Skip to main content Accessibility help
×
Home
Hostname: page-component-7ccbd9845f-wr4x4 Total loading time: 1.832 Render date: 2023-01-27T15:44:22.342Z Has data issue: true Feature Flags: { "useRatesEcommerce": false } hasContentIssue true

3 - Postcolonial Visibilities: Questions Inspired by Deleuze's Method

Published online by Cambridge University Press:  12 September 2012

Rey Chow
Affiliation:
Brown University
Simone Bignall
Affiliation:
University of New South Wales
Paul Patton
Affiliation:
University of New South Wales
Get access

Summary

Foucault is uniquely akin to contemporary film.

(Deleuze 1988: 65)

It is a paradox of contemporary image consumption that exactly at the point when domestic television viewing is moving towards high definition and high resolution, audiences are moving towards arguably the most popular new media phenomenon, YouTube, which presents the lowest definition, lowest resolution images and yet attracts a larger audience among younger age groups because of its user-generated content. It is precisely the ‘low-res’ look of YouTube clips which allows us to say that the visual is problematised in this sphere, since every subject is abstracted by the rate of compression, and every clip becomes a kind of quotation, either by being sourced from previously existing material and re-presented or, in the case of original material, simply by being uploaded into a stream of pre-existing material.

(Grace 2007: 470)

Judging from the regularity with which events of captivity and detention occur on the international political stage, it would hardly be an exaggeration to say that the theme of confinement, a hallmark of Michel Foucault's works from Madness and Civilisation (1965, 1967) and The Birth of the Clinic (1973) to Discipline and Punish (1977), has lost none of its critical relevance at the beginning of the twenty-first century. Indeed, in so many ways, the post 9/11 global scene only seems a fantastical set of demonstrations of Foucault's arguments about the omnipresent and omnipotent reach of technological-cum-ideological surveillance under the guises of our neo-liberal society.

Type
Chapter
Information
Publisher: Edinburgh University Press
Print publication year: 2010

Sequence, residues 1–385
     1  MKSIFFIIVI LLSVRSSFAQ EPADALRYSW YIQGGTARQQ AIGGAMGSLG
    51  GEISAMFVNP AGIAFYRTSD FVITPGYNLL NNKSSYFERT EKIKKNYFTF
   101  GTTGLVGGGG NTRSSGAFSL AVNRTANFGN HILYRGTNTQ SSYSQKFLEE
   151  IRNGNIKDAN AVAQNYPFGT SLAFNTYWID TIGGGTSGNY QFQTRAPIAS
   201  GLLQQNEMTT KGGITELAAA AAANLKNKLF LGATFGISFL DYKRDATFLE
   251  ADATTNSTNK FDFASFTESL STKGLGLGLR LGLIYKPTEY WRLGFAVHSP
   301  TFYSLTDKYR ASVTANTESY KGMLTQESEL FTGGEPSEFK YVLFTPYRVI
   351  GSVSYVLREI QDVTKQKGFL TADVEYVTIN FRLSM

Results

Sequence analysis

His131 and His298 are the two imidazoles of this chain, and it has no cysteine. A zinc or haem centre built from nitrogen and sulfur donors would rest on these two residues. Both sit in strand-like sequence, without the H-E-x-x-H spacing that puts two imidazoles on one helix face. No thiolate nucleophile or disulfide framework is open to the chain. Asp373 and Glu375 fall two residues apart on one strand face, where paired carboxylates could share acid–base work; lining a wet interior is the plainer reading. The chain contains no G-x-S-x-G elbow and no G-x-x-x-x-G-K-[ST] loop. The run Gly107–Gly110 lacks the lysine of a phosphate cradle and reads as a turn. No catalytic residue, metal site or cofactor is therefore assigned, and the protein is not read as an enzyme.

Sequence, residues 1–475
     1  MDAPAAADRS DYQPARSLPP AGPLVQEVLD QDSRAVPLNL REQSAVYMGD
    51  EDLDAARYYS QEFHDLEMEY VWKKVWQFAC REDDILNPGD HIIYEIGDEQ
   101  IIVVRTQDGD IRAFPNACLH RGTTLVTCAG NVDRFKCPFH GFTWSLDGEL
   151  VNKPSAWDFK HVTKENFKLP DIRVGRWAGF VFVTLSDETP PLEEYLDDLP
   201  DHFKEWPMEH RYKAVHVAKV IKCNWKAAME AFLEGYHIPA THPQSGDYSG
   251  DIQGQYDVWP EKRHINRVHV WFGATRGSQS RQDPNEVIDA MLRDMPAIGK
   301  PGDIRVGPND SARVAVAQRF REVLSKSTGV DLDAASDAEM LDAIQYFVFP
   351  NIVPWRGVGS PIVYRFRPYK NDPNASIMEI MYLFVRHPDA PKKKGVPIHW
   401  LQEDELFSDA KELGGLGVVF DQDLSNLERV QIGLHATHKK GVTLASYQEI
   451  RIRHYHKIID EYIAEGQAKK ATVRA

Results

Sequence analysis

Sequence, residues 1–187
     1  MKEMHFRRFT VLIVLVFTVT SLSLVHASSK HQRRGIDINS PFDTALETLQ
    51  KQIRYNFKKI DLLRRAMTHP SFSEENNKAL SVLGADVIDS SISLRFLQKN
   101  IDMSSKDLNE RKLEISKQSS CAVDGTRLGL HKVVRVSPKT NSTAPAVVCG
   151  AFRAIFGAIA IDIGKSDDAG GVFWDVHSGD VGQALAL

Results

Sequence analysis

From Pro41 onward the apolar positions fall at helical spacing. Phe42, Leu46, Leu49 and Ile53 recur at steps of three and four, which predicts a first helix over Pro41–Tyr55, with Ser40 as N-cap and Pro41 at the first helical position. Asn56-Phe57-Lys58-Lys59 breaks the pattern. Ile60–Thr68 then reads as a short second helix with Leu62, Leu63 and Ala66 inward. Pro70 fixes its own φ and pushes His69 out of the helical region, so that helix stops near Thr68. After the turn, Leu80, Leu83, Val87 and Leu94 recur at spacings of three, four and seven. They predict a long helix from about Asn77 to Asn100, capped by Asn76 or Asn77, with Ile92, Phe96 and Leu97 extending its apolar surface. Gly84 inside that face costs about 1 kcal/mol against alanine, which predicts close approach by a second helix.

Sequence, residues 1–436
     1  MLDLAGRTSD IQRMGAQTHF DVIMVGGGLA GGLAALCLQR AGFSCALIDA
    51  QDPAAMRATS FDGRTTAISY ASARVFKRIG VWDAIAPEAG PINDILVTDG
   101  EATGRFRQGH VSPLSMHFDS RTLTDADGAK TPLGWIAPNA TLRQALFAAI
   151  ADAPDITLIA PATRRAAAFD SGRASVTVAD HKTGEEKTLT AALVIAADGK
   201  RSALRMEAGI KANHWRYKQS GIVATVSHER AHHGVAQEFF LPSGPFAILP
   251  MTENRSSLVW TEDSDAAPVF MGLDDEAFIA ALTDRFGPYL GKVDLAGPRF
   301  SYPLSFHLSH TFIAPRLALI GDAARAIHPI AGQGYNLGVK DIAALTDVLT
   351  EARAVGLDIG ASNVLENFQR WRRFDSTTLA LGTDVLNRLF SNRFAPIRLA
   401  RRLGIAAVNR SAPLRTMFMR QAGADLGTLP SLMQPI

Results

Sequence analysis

Access options

Get access to the full version of this content by using one of the access options below. (Log in options will check for institutional or personal access. Content may require purchase if you do not have access.)

Save book to Kindle

To save this book to your Kindle, first ensure coreplatform@cambridge.org is added to your Approved Personal Document E-mail List under your Personal Document Settings on the Manage Your Content and Devices page of your Amazon account. Then enter the ‘name’ part of your Kindle email address below. Find out more about saving to your Kindle.

Note you can select to save to either the @free.kindle.com or @kindle.com variations. ‘@free.kindle.com’ emails are free but can only be saved to your device when it is connected to wi-fi. ‘@kindle.com’ emails can be delivered even when you are not connected to wi-fi, but note that service fees apply.

Find out more about the Kindle Personal Document Service.

Available formats
×

Save book to Dropbox

To save content items to your account, please confirm that you agree to abide by our usage policies. If this is the first time you use this feature, you will be asked to authorise Cambridge Core to connect with your account. Find out more about saving content to Dropbox.

Available formats
×

Save book to Google Drive

To save content items to your account, please confirm that you agree to abide by our usage policies. If this is the first time you use this feature, you will be asked to authorise Cambridge Core to connect with your account. Find out more about saving content to Google Drive.

Available formats
×